Annie Hindorff, 102, died Sunday, Aug. 9, 1998 in her home in Fallbrook. Born Feb. 7, 1896, in Fallbrook, she had lived her all of her life.
Mrs. Hindorff was preceded in death by her husband, Eric Hindorff, in 1962.
Annie enjoyed a wide variety of interests. She had a "green thumb" and grew beautiful plants from twigs or seeds she found wherever she went. She raised lots of vegetables and fruit trees, as well as many flowers until she could not care for them.
Annie had tried photography with her sisters and had a large collection of pictures she had taken during her lifetime. She enjoyed the outdoors and nature, minerals and rock hunting and had even made some jewelry from some of her rocks. She had enjoyed dancing; especially the old time dances, and accompanied her husband's violin with piano chords. She read the newspaper, and enjoyed learning about the space program. A great circle of correspondence would occasionally find an original poem in her letters.
As she grew older, her auburn hair turned gray, she walked slower, but she still enjoyed walking in the yard, watching the beauty of nature. She still had a twinkle in her eyes, and an instant smile. And she had the sharp wit that we all remember.
Annie Hindorff was born in Fallbrook on Feb. 7, 1896, Denver and Lucy Lamb of the pioneer families of Girds and Lambs. Her father and mother, Mr. and Mrs. D.O. Lamb donated land to the people of Fallbrook. This land is part of what we know as Live Oak Park.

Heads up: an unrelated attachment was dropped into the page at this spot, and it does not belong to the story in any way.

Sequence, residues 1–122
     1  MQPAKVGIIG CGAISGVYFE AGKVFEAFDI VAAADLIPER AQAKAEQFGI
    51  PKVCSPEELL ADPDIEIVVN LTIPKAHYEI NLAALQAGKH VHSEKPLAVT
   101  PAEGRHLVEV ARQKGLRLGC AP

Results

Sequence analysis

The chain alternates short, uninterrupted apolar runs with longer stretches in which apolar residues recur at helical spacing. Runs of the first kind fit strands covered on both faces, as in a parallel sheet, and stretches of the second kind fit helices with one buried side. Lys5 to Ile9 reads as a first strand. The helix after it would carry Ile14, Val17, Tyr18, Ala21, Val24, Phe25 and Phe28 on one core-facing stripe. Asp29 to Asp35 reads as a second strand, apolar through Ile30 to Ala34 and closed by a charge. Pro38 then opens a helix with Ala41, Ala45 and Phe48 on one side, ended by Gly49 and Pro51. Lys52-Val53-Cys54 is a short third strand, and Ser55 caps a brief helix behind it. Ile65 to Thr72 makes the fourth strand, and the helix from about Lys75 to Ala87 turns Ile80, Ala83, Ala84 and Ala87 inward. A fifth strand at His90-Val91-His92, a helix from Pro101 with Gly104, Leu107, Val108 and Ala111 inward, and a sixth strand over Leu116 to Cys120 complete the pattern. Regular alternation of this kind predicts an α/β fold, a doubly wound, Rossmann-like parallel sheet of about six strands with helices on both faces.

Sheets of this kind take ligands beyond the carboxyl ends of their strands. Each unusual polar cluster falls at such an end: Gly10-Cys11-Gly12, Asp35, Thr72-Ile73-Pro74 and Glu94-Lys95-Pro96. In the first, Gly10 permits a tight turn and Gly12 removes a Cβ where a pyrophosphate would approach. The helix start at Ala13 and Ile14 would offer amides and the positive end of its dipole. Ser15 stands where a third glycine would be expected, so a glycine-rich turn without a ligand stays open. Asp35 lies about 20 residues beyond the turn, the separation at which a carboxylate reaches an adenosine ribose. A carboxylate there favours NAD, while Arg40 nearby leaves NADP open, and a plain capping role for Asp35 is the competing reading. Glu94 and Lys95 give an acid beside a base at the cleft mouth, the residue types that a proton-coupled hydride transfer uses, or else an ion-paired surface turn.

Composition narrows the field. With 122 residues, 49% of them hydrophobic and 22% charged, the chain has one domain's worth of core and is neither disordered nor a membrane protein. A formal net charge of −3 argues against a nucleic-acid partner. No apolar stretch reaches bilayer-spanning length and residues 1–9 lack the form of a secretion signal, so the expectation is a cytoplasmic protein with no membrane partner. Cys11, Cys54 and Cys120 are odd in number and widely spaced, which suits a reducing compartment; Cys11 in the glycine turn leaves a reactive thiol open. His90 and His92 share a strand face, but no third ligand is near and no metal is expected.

Until she married Eric Hindorff on Oct. 22, 1924, she had lived with her parents and seven siblings in their home where all had been born. From the time of her marriage until her death she lived in the house where she went as a bride; a house about a mile north of the house where she was born. She was very proud of the heritage of her own family and the pioneer family she had joined.
She was a dedicated partner for Mr. Hindorff. She helped tend the bees and harvest the honey. She worked with him trapping predatory animals for the government. Also she helped him catch rattlesnakes to sell during the war (she held the bag).
Annie raised the garden, canned fruits and vegetables and dried them. She sewed dresses for her daughters and taught them to sew their own clothes.
Annie had been a member of Farm Bureau, Olive Rebekah Lodge, Reche Club, North County Gem Society and Fallbrook Historical Society. Annie was a Fallbrook Pioneer for the year 1993, given Honorary Membership of the Reche Club in her recognition as student at the Fallbrook (Reche) School 1902-1910.
According to her daughter Margaret Ray, Annie really got excited watching the launchings to the moon. She had faith that mankind would make it to the moon and she even filmed their launchings on the TV with her little movie camera.
Annie's generation is one that has seen fascinating experiences from the invention of motorcars and electricity to the space program.